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Handwritting - is it just practice ?

(15 Posts)
AppleandMosesMummy Sun 19-Jul-09 23:21:36

I can print out all the sheets off the net but wondered is it really that simple ?
TIA

ButterbeerAndLemon Sun 19-Jul-09 23:25:26

What age? Other activities to improve fine motor control are a good complementary thing to do -- so (for example) threading beads, or doing those Hama bead designs, or just squishing a squishy ball.

gigglewitch Sun 19-Jul-09 23:31:55

also wondering how old - and boy or girl (there's quite a difference - boys can often be much less tidy) smile

AppleandMosesMummy Sun 19-Jul-09 23:32:45

Sorry aged 7 and a girl, her dad's handwritting was shocking apparently, but it's beautiful now, like a woman's lol

AppleandMosesMummy Sun 19-Jul-09 23:34:24

We have hama beads so that's good to hear, she's just completed a Princess one so quite complex, will happily keep going with those just was dreading trying to get her to do sheet after sheet, the boredom threshold is quite low in our house.

gigglewitch Sun 19-Jul-09 23:36:08

mine used to be horribly messy but practice got it really neat, but until I was about 13 or 14 my brain worked faster than my fingers so my writing was pure scrawl, I just wanted to write quickly!
Find out what cursive style they are likely to do at her school, chances are that she will find that much easier than forming each letter and taking the pen/pencil off in between smile

bruffin Sun 19-Jul-09 23:41:54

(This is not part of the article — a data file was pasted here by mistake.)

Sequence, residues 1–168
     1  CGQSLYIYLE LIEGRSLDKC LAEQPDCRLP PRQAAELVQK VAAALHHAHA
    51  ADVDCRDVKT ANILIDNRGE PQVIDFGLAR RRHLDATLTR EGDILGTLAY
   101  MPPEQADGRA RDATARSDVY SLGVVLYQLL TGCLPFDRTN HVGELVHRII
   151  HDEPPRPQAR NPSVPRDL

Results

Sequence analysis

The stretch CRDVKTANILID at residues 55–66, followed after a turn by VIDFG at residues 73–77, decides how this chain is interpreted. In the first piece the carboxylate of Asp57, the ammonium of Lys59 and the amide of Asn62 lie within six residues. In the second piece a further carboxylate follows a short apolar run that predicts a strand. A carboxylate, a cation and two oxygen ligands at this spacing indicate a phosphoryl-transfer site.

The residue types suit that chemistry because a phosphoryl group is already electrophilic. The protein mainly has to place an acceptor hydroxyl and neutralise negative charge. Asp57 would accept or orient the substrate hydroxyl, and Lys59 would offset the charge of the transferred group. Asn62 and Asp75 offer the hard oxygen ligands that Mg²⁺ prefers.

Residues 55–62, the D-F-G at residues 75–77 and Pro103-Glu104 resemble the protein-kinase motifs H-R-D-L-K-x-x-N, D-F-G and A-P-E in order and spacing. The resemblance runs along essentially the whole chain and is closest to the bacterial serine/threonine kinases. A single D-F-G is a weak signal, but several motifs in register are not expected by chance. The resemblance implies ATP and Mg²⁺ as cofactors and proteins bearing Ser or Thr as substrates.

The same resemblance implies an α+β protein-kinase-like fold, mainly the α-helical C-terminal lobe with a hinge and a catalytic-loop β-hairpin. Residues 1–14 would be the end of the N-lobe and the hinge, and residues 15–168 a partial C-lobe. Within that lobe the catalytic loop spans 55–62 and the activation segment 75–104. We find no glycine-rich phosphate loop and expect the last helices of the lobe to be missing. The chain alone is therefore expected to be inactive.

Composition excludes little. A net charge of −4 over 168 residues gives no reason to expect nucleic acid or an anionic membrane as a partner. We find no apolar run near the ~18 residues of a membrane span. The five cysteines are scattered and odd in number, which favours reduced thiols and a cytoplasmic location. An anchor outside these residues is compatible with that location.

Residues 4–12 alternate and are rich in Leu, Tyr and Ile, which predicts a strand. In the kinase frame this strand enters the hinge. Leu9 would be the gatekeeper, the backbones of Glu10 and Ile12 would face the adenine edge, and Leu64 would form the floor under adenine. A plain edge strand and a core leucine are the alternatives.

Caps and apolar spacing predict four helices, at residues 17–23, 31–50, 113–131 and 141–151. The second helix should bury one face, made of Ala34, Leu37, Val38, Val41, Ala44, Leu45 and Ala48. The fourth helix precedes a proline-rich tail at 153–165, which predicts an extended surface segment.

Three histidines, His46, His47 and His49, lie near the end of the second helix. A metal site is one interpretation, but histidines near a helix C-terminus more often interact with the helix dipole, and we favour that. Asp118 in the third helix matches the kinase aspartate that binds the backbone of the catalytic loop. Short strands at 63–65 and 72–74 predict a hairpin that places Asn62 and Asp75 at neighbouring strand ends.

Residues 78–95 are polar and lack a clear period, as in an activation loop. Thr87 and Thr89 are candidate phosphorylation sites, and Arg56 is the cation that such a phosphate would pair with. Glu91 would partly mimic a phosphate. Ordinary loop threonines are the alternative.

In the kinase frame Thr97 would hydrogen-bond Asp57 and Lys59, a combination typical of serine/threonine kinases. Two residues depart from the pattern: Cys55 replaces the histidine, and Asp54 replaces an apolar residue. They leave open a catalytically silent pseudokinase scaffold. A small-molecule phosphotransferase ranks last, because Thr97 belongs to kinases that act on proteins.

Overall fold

My DD's was really bad at that age took her until yr5/6 to really neaten.It's partly because she is left handed and partly like gigglewitch,her brain works far faster than her hands.

mrz Mon 20-Jul-09 07:37:18

Handwriting sheets aren't really the answer after all they are a tracing exercise not a writing exercise.

Check that she's actually starting the letters in the correct place and going in the right direction so not starting an "a" at the bottom and working clockwise (most common problem with handwriting).

and as been said already that her physical development is ready for writing - sounds daft but can she make windmills with both arms outstretched and can she touch each finger tip to her thumb in turn?

I have a long list of exercises if you need them.

AppleandMosesMummy Mon 20-Jul-09 10:19:50

no problems with touching her thumb with finger tips and the windmill was ok.

mrz Mon 20-Jul-09 16:25:02

That's a good indicator she is physically ready for writing - next check how she writes letters where she begins and how she forms.

Nemoandthefishes Mon 20-Jul-09 16:29:38

I was told ds[5] needs to work on his writing and again was told about hama beads[something he has never had] and also playing games like picking up grains of rice with tweezers to strengthen the muscles.

CarpePerDiems Mon 20-Jul-09 16:31:29